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Key vote postponed for controversial Justice nominee Adegbile

 

The Senate has postponed a key vote Monday on the controversial nominee to head the Civil Rights Division at the Justice Department, Fox News has learned.

Supporters of nominee Debo Adegbile would have needed a simple majority of 51 votes Monday to clear the way for a final vote. But the procedural vote was canceled because of a snowstorm forecast for Monday, the same day most Capitol Hill lawmakers return from their home states.

The vote has been rescheduled for midday Tuesday. If Adegbile clears the procedural vote then, after another short debate, a final vote in which he would again only need a simple majority of 51 votes to be confirmed will take place.

Sen. Bob Casey, D-Pa., joined others in his concern about Adegbile’s support for convicted Philadelphia cop-killer Mumia Abu-Jamal.

Adegbile is facing criticism for his role in supporting Abu-Jamal's 1981 death sentence being overturned during his time as acting director of the NAACP Legal Defense and Educational Fund. 

“The vicious murder of Officer [Daniel] Faulkner in the line of duty and the events that followed in the 30 years since his death has left open wounds,” Casey said Friday. “After carefully considering this nomination and having met with both Mr. Adegbile as well as the Fraternal Order of Police, I will not vote to confirm the nominee.”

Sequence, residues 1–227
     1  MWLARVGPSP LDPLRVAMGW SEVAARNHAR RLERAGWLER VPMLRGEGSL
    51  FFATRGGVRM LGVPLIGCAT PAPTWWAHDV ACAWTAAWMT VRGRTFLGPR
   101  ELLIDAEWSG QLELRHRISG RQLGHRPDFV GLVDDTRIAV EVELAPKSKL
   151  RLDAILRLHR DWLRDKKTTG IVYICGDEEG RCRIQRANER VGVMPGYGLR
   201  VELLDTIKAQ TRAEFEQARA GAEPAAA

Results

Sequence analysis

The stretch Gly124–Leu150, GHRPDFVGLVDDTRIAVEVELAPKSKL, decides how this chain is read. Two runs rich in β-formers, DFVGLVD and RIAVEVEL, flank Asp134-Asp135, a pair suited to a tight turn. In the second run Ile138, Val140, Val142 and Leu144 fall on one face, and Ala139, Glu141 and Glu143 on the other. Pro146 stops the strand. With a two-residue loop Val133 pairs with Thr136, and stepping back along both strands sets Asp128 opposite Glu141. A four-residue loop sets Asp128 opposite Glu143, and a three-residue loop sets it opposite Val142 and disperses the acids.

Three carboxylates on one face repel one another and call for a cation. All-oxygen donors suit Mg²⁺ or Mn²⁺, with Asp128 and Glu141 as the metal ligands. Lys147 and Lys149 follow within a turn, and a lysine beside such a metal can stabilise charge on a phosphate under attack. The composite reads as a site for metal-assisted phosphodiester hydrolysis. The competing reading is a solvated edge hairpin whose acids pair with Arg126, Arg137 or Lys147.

Abu-Jamal's death sentence has been thrown out but he remains in prison.

Widow Maureen Faulkner told Fox News she is gratified at the decision by Casey to vote against the nomination of Adegbile and that she plans to continue to lobby members of the Senate to take a similar stand.

Among the others who have expressed their objection to the nomination is GOP Pennsylvania Sen. Pat Toomey.

“The murder was not a random street crime,” Toomey and Philadelphia District Attorney R. Seth Williams recently wrote in a Wall Street Journal op-ed piece. “Abu-Jamal was an ardent supporter of the "MOVE" organization -- a racist, anarchist group founded in Philadelphia in 1972. The group's radical positions included encouraging violence against police.”